The turbulence on this flight is intense. To take a picture I’m forced to crawl to the window, alternately wobbling on my knees and pinned to the floor in between millions of dollars of scientific kit.
But the view is worth it — I’ve never seen Seoul like this. Just 300 metres above the Han River, we are headed straight over Gangnam, one of Seoul’s busiest areas, participating in one of the most comprehensive air-quality studies ever attempted.
This bumpy ride means that our NASA research aeroplane has descended into the boundary layer, the lowest part of the atmosphere where heat and friction from the ground affects the wind, and cause the air to swirl. And that means the plane is now sampling pollution from the ground that has been carried up into the air.
The readings it takes could help to bring some clarity to a long-standing source of tension with China — understanding how much pollution and dust drifts over from that country, and how much is home-grown in South Korea.
In the spring, westerly winds from China drift over the peninsula, carrying not only pollution but also hazardous yellow dust kicked up from the deserts of Mongolia and Northern China. These dust particles are small enough to get into lungs and cause respiratory illnesses. Data from the state-run Korea Environment Corporation showed that in April, levels of PM10—a measure of small dust particles—in downtown Seoul exceeded safe levels of 80 micrograms (μg) per cubic metre on 20 days, peaking at more than 400 μg per cubic metre on 24 April.
A 2011 study commissioned by the city of Seoul concluded the problem comes roughly equally from local sources and countries upwind of South Korea, notably China. In Korea, many single out the contribution of Chinese industry, but environmental group Greenpeace has claimed that as much as 70% of some types of pollution originate locally. The NGO says South Korea’s government has in the past focused on China’s contribution to shift the blame from its own failing to tackle home-grown pollution sources.
Some in South Korea are also growing frustrated with the unreliability of national forecasts of particulate matter. Current forecasts are accurate only 60% of the time, You-Deog Hong of South Korea’s National Institute of Environmental Research (NIER) in Incheon said at a 29 April press briefing at the US air base near Osan where the NASA plane is based for this project.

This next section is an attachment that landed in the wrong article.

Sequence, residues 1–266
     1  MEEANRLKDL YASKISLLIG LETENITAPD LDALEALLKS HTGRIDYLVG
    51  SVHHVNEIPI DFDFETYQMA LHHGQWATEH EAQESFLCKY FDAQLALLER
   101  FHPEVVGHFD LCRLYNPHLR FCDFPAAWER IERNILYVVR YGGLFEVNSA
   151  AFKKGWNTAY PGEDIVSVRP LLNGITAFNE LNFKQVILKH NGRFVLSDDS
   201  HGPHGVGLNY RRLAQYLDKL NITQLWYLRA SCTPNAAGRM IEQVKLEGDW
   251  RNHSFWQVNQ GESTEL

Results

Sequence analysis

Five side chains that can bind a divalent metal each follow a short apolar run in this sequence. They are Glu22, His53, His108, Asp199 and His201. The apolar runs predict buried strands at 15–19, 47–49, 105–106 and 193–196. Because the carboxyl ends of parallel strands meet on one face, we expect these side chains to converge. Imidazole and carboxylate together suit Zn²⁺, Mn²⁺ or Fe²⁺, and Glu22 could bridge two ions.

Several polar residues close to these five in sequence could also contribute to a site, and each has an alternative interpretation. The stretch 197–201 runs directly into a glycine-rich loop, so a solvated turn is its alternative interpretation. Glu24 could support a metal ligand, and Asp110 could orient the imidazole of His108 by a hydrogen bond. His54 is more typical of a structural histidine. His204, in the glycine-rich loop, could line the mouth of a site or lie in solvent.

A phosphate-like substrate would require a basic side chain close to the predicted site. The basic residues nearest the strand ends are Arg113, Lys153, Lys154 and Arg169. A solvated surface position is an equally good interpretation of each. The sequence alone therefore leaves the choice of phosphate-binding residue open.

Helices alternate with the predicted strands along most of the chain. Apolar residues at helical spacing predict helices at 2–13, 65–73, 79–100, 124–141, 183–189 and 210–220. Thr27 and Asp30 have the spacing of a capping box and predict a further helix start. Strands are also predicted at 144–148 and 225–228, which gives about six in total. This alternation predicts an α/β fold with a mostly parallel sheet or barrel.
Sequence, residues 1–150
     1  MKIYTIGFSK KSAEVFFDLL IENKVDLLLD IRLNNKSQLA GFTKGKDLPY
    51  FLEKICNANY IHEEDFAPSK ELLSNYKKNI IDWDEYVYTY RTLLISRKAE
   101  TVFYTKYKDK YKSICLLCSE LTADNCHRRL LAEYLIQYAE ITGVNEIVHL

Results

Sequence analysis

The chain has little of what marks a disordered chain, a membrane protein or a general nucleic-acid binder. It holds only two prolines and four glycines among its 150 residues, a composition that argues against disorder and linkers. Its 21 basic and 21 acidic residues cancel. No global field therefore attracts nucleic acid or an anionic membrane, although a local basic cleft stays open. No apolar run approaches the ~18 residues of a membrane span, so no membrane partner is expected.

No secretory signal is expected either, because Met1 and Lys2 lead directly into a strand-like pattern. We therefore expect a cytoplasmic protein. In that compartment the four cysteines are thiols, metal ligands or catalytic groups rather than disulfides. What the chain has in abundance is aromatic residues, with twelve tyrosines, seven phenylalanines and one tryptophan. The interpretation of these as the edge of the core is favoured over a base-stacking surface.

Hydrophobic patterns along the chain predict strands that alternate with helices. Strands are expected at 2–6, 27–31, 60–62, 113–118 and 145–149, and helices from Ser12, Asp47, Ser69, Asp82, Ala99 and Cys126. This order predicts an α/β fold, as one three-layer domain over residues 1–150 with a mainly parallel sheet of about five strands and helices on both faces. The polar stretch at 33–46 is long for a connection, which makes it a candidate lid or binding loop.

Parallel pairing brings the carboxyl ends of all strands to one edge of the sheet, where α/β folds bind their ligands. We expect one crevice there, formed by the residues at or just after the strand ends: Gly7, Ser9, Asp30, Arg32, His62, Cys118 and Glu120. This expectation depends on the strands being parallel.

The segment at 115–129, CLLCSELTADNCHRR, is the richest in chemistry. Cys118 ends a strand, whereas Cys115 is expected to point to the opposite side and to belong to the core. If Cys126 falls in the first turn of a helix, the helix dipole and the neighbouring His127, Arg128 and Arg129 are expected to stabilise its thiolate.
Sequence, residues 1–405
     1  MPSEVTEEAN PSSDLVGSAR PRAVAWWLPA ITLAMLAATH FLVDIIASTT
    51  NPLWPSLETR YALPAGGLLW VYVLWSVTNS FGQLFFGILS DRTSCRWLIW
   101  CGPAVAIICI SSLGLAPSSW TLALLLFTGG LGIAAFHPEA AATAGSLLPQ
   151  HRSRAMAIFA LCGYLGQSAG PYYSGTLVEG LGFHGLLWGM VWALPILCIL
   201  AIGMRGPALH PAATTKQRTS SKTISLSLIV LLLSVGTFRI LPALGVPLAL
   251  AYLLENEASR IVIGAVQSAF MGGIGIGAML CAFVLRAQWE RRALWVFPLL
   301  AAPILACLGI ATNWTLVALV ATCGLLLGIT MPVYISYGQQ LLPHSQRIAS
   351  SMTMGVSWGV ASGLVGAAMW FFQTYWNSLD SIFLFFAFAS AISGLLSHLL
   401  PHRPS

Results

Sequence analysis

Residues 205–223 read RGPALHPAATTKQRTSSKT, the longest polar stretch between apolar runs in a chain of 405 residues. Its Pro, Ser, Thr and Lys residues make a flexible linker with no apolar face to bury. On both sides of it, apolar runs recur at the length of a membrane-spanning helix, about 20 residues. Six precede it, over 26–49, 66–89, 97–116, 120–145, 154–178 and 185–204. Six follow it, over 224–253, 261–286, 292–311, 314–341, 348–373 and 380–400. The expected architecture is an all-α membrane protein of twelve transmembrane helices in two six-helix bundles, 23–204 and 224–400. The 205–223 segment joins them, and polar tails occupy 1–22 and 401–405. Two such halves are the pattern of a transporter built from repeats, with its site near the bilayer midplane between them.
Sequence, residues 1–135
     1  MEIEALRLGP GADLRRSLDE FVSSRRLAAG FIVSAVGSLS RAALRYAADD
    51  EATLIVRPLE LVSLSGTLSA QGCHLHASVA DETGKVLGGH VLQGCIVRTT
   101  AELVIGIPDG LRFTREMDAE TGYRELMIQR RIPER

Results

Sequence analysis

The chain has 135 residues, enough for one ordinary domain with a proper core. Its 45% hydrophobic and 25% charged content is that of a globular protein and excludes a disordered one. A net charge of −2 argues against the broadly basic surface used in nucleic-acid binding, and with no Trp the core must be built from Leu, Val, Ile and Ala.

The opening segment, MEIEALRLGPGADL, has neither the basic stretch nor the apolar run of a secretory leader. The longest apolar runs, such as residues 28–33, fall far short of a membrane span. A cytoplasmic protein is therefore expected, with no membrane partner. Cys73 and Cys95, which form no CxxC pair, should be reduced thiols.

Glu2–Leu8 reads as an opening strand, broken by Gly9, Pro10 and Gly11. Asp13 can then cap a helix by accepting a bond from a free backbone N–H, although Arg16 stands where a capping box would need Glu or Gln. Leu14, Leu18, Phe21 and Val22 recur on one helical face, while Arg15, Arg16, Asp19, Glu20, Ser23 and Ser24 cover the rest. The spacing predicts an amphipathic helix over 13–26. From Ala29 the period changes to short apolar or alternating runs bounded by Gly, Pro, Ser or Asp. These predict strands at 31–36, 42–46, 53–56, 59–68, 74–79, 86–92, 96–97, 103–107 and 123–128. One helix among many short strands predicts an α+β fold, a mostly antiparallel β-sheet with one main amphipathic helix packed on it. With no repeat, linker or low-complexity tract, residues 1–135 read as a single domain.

South Korea makes for a “natural air quality laboratory”, says James Crawford of NASA's Langley Research Center in Hampton, Virginia, who is the US lead scientist on the international Korean air-quality study, known as KORUS-AQ. The Yellow Sea between China and the Korean peninsula acts as a natural divider, allowing scientists to measure China’s contribution over the water before it mixes with South Korea’s air. All told, KORUS-AQ involves more than 580 researchers from 72 institutions, three planes, two ships and 300 ground-based monitoring sites.
The DC-8 research plane NASA is operating is cleared to fly at low altitudes across the peninsula — both in rural areas and through the urban heart of Seoul, which is crucial to understanding how urban emissions and emissions from plants and agriculture mix.
“This way of flying is entirely new to the way this field works,” says Crawford. He has previously led the DC-8 on studies based in Asia, but those were only cleared to operate over the Pacific. “You couldn't go to the source; you couldn't measure directly.”
On a typical flight, the NASA plane will fly up and down the length of the Yellow Sea at varying altitudes, sampling the air with 25 instruments operated by dozens of scientists on board — then repeat the run over the Korean peninsula, flying as low as 300 metres.
The scale of the project dwarfs all previous, similar air-quality studies in South Korea, says Jeong-Hoo Park of the NIER. The last one, 14 years ago, involved “just three ground sites and one small airplane”, he says.
The new data will significantly improve understanding of atmospheric chemistry, particularly how gas-phase pollutants interact with particulate matter — the biggest weakness in these forecasts, says Lee Tae Sik, an atmospheric chemist at the Korea Polar Research Institute in Incheon.
"Nowadays the weather forecasting is quite good, which means we understand more or less the physics, the meteorology,” Sik says. "But still we need some knowledge about the chemistry, especially between the solid phase and the gas state."
It could lay some groundwork for South Korean negotiations with China about the pollution issue, says Sik. “If this kind of collaboration project gives us some result, then China will pay attention.”
Dust in the wind
After passing over Seoul, the 4 May flight I’m on heads for the Yellow Sea. Near the southwest coast of Korea, we start descending to the surface, buzzing Chinese fishing boats every few minutes.
“Too low! Terrain!” blares an automated voice as we dip below 200 metres. “Too low! Terrain!” Co-pilot David Fedors calmly turns the alarm off.
Back in the cabin, spiking instrument readings indicate that we’re flying through plumes of Chinese pollution. The researchers consult with each other, debating which altitude to take for the next pass.
Just another day chasing dust.
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